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Inhibitory effect of hyperbaric oxygen on the development of adjuvant arthritis. The course of arthritis was markedly altered in animals receiving daily hyperbaric oxygen. The earlier treatment was begun after sensitization, the more complete was the therapeutic response. When oxygen was started one day after inoculation of antigen and continued for 16 to 17 days, there was a marked reduction in the severity of arthritis and in the number of afflicted rodents. Clinical arthritis never developed during the period of early HBO therapy, and when it appeared there was an interval of 4 to 14 days after discontinuance of 0,. Delayed AD was usually a milder disease with considerably less impairment of motion. The clinical course shown in Figure 1 summarizes data from three experiments in which oxygen was administered for 16 days. A total of 12 of 26 rats (46%) developed only mild to moderate arthritic swelling and inflammation after the discontinuance of oxygen. In contrast, the incidence of severe clinical arthritis was 37 of 38 (99%) in the controls (P>0.001). It is noteworthy that systemic signs such as penile induration, balanitis, and inflammation of the nose and eyes were not observed in those rats that developed adjuvant disease after the discontinuance of HBO therapy. Therapeutic effects of hyperbaric oxygen in adjuvant arthritis. Oxygen therapy was still capable of reducing the incidence and severity of joint disease if delayed until joint inflammation was well advanced, but before cartilage destruction was present. The cumulative clinical responses to HBO in two experiments when it was administered continuously are illustrated in Figure 2. Three separate groups of rats received HBO beginning 1, 10, or 18 days after the inoculation of antigen and continuing for 16 days thereafter. Each of 26 untreated animals had developed severe inflammation of 3 to 4 limbs by the twenty-first day (mean clinical index = 13.4). The least joint involvement and the mildest disease occurred in the group in which treatment was begun one day after sensitization. Twelve of 2 1 animals on this schedule had not developed clinical signs of illness by the fiftieth day of observation. If oxygen was not initiated until the tenth or eighteenth day, when 18 of 20 rats exhibited joint disease of varying intensity, it was still capable of significant amelioration of arthritis during the 16-day exposure, i.e., days 10 to 26 or days 18 to 34. Some increase in the clinical indices of arthritis of varying degree appeared after the discontinuance of oxygen. However, by 50 days, at the termination of the experiment, the overall severity of the disease in the groups treated on day 1 or day 10 was less than that in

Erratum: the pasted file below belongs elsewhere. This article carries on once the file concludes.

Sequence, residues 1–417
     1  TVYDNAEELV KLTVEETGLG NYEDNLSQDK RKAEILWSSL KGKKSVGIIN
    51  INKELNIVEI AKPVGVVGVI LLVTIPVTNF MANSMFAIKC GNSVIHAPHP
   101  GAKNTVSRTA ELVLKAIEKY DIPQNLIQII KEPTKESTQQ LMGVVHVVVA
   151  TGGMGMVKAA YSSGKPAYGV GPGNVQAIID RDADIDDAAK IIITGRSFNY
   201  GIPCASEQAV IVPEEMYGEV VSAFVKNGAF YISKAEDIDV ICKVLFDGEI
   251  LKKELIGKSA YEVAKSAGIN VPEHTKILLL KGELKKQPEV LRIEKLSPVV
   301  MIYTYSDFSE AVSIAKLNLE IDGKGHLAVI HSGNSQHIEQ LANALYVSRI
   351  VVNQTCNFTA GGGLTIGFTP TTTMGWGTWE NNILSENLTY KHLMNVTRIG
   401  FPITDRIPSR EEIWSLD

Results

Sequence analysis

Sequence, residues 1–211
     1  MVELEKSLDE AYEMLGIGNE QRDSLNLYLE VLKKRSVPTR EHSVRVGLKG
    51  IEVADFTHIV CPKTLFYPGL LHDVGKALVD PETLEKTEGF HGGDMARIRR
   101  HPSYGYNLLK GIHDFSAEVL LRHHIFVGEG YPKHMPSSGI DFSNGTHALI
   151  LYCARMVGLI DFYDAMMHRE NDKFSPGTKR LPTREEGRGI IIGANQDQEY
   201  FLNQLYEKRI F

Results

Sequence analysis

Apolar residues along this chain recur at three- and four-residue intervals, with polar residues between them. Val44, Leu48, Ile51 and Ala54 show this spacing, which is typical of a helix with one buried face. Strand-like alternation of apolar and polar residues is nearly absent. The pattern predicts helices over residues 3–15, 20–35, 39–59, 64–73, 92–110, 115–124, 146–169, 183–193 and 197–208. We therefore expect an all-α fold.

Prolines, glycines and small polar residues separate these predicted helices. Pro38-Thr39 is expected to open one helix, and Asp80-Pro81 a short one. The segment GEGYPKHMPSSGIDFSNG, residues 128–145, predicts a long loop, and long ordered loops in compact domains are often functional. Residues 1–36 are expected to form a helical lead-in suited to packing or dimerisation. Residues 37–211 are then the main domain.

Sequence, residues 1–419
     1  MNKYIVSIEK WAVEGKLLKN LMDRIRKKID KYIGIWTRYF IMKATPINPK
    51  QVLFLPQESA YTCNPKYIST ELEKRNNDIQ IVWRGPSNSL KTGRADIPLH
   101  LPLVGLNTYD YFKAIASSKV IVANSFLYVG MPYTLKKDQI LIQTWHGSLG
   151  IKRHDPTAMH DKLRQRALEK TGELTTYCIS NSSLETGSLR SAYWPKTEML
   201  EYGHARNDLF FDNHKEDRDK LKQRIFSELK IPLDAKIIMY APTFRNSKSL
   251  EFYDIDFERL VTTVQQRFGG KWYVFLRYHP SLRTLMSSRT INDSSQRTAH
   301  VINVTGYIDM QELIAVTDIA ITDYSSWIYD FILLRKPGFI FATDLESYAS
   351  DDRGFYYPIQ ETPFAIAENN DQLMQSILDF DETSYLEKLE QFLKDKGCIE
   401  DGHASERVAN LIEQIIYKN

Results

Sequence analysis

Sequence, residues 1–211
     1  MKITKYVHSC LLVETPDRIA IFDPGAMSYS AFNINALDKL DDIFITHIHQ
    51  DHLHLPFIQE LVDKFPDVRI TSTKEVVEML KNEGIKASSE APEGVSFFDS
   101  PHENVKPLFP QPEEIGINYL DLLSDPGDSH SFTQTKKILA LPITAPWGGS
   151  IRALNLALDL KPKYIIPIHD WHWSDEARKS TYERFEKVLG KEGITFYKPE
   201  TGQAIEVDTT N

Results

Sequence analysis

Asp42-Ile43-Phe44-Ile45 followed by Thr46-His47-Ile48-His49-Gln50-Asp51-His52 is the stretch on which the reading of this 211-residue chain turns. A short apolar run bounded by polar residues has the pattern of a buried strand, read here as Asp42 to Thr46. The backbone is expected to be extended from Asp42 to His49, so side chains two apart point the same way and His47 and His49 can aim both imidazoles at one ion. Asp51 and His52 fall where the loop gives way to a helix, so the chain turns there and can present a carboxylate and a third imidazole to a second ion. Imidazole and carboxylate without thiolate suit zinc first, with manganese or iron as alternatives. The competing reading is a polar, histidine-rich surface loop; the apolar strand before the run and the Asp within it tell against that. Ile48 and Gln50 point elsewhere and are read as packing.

the untreated controls. In 14 rats treated day 1 to 16 and observed for 132 days, arthritis failed to develop after hyperbaric oxygen was discontinued. Comparative efficacy of continuing daily and alternating hyperbaric oxygen in adjuvant disease. In earlier studies of allergic encephalomyelitis it was found that the suppressive effects of oxygen could be prolonged in guinea pigs if treatment was administered on alternate days (15). A comparable suppression of adjuvant arthritis in the rat was observed if oxygen treatment was started one day after sensitization and then administered on alternate days but the amount of time of administration was more than doubled. Figure 3 il-